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Native Vegetation
The term ‘native vegetation’ refers to trees, shrubs, herbs and grasses that have grown naturally in Victoria prior to European arrival. It does not include plants that originate from other parts of Australia or from other countries.

Victoria has a wide range of vegetation types, including alpine meadows, mallee, grasslands, grassy woodlands, forests, heathlands, wetlands and coastal scrub. Some of Victoria’s plants are endemic to the State which means they are found nowhere else in the world.

  • Provides habitat for plants and animals
  • Prevents land degradation, such as salinity and erosion
  • Minimises impacts of the greenhouse effect
  • Maintains long-term productive capacity of land
  • Provides shade and shelter on farms, improving crop and stock productivity
  • Protects water quality
  • Provides opportunities for future use of genetic resources
  • Maintains our distinctive Australian landscape

Historically, a vast amount of native vegetation has been cleared in the Goulburn Broken Catchment for the agricultural and timber industries. Today only 30% of the pre-European coverage remains.

The Victorian Government has developed a Native Vegetation Management Framework to conserve, enhance and revegetate Victoria's native vegetation.

The framework has four guiding principles:
  1. Retention and management of remnant native vegetation is the best way to conserve biodiversity
  2. Conservation of native vegetation and habitat depends on the maintenance of catchment processes
  3. Costs should be equitably shared according to benefits that the landholder, community and region get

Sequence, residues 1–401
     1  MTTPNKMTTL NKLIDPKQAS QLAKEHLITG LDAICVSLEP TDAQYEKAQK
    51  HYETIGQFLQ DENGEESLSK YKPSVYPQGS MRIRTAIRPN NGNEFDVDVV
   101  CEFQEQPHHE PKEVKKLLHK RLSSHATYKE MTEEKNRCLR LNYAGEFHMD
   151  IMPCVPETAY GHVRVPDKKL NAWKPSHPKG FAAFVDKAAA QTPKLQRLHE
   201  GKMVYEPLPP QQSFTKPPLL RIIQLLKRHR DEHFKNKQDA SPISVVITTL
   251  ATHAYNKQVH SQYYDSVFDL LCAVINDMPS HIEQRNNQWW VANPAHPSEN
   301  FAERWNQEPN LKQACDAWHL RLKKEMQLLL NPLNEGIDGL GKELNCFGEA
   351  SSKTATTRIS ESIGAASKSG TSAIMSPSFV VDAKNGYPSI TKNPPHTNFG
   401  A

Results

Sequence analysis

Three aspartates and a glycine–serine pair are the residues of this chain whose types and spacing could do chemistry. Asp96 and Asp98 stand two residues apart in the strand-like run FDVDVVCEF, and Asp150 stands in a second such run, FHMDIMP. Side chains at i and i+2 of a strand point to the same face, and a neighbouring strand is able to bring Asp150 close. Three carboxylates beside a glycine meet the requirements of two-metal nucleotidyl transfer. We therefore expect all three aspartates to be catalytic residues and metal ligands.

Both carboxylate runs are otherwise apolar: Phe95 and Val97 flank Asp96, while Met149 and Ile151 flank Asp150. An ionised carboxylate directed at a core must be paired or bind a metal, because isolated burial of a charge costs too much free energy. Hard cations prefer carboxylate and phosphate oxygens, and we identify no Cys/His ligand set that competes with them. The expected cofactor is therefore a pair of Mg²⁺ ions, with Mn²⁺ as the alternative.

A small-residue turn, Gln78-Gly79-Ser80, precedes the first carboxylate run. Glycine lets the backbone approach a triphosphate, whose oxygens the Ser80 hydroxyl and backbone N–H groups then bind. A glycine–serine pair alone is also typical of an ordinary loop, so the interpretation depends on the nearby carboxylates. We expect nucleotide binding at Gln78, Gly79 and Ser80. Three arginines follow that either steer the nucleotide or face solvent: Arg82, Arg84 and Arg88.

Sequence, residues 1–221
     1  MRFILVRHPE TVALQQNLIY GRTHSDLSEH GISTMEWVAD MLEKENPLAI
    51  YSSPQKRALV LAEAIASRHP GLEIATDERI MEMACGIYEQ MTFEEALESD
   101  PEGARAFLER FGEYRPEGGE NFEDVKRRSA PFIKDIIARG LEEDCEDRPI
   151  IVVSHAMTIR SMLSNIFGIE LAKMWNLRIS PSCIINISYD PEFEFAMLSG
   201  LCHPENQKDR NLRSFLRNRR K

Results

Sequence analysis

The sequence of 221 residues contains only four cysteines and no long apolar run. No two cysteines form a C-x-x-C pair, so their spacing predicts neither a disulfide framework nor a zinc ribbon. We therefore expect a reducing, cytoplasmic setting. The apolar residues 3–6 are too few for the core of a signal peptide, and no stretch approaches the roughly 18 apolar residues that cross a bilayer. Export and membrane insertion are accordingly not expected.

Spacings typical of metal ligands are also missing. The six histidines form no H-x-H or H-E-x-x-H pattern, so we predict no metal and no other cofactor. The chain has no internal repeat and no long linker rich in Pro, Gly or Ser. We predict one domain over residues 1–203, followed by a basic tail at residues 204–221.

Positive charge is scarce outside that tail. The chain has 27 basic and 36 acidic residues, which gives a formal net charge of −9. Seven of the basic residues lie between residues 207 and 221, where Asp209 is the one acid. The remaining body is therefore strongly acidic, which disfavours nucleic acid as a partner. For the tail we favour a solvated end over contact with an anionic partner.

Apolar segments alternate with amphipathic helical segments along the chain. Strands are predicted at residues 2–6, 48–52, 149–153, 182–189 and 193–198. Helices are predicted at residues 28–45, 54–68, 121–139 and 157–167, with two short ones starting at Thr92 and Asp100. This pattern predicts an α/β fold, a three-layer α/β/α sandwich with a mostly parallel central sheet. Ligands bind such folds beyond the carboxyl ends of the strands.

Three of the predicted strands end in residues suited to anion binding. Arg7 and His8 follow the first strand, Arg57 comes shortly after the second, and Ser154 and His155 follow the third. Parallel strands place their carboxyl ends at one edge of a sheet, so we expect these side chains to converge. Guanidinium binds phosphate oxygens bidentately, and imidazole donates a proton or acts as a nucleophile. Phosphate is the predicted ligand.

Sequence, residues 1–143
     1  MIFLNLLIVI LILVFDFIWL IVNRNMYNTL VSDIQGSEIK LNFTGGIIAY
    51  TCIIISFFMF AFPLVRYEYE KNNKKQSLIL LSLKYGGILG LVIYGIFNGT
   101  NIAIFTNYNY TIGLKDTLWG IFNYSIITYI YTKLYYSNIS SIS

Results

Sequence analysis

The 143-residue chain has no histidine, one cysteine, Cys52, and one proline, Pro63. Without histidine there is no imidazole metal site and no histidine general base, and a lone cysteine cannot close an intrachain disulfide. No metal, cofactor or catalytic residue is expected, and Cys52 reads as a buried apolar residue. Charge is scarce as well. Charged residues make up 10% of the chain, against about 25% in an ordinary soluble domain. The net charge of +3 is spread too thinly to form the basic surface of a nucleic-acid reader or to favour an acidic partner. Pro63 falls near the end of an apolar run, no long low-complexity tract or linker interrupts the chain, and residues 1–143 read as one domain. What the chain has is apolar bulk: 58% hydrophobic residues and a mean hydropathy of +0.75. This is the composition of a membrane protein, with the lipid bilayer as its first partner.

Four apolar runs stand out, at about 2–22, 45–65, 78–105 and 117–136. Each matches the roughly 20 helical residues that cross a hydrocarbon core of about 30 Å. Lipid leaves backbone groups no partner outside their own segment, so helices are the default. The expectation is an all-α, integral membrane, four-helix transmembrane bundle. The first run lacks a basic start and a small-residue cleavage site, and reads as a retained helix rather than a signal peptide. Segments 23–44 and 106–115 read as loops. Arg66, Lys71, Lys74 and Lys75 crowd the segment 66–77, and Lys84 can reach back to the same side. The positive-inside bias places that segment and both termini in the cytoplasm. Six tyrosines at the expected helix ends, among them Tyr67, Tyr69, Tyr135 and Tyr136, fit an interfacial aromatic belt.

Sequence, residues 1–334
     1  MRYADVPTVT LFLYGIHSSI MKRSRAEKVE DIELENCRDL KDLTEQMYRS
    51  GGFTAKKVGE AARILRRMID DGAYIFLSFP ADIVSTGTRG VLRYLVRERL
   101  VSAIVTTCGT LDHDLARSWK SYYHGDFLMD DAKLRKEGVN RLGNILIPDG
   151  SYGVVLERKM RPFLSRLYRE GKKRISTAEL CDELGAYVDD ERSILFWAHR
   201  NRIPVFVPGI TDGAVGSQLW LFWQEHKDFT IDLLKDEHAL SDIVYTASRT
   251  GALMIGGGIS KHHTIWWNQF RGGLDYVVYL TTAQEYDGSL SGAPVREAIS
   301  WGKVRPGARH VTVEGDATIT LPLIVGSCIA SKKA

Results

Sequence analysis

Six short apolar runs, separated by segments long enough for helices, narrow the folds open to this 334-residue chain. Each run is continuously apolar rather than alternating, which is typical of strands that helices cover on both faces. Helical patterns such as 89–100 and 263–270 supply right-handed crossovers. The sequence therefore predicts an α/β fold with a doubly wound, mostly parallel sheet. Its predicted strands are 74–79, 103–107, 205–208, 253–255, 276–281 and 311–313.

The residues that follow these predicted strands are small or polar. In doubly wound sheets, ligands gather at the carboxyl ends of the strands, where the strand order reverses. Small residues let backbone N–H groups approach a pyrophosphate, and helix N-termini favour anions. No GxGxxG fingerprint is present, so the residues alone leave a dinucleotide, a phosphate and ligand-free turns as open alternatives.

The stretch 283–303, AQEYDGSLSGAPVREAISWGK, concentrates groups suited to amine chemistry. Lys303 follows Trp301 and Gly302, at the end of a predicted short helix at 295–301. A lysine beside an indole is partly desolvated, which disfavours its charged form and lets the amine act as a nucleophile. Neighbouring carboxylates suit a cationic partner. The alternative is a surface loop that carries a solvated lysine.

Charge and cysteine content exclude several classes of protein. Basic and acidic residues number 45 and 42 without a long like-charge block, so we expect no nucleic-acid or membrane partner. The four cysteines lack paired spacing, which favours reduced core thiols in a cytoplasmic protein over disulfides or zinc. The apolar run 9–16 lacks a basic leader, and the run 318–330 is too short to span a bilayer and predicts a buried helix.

4. A landscape approach to planning native vegetation management is required and priorities should be based on bioregions within Catchment Management Authority regions.
Biogeographic regions (or Bioregions) depict the patterns of ecological characteristics in the landscape and are the basis for planning and managing biodiversity in Victoria. Bioregions are the basis from which the conservation status of Ecological Vegetation Classes (EVCs) and priorities for managing threatened species are determined.

EVCs are units that describe and map the local patterns of vegetation diversity. EVCs represent one or more plant communities that occur in a similar environmental niche (e.g. geology, soil, aspect, rainfall). The conservation status of remaining patches of EVCs is determined for each bioregion.

Landowners must contact Council before removing native vegetation (including grasses and shrubs as well as trees) to determine if a planning permit is required. The need for a planning permit is determined by the Native Vegetation Management Framework and the local Planning Scheme.

In applying the Framework, there are three key steps for land managers and owners to address when considering vegetation clearing:
  1. Avoid adverse impacts, particularly through vegetation clearance;
  2. If impacts cannot be avoided, minimise impacts by careful planning, design and management; and
  3. If clearing must occur, the clearing must be offset
If a planning permit is required this three-step approach is an integral part of the decision making process relating to the permit. Offsets are determined by the conservation status of the EVC the vegetation proposed for removal represents.


Broad-scale clearing that has historically occurred for economic development has caused environmental problems such as stressed ecosystems, salinity, poor water quality in streams and rivers and reduced populations of native animals, many to the point of extinction.

To help combat this, individuals, organisations and regulatory authorities can revegetate areas of cleared land with native vegetation. There are two documents, specific to indigenous native vegetation of the Mansfield Shire, which assist with what species to plant and how to most successfully revegetate land. These are:

1. Local Plants – A guide for the Mansfield Shire
This guide was published by Landcare and is available for purchase at the local bookstore or by contacting John Gilson on (03) 5779 1155.

2. Revegetation Guide for the Goulburn Broken Catchment
This book was published by the Department of Sustainability and Environment (DSE) in 2001. It can be purchased by contacting DSE or can be accessed on the Goulburn Broken Catchment Management Authority website.


Department of Environment, Land, Water and Planning
North East Regional Office
86 Sydney Road
Benalla Vic 3672
03) 5761 1611
Website: http://www.delwp.vic.gov.au

Goulburn Broken Catchment Management Authority
Head Office
168 Welsford Street
PO Box 1752
Shepparton Vic 3632
03) 5820 1100
Website: http://www.gbcma.vic.gov.au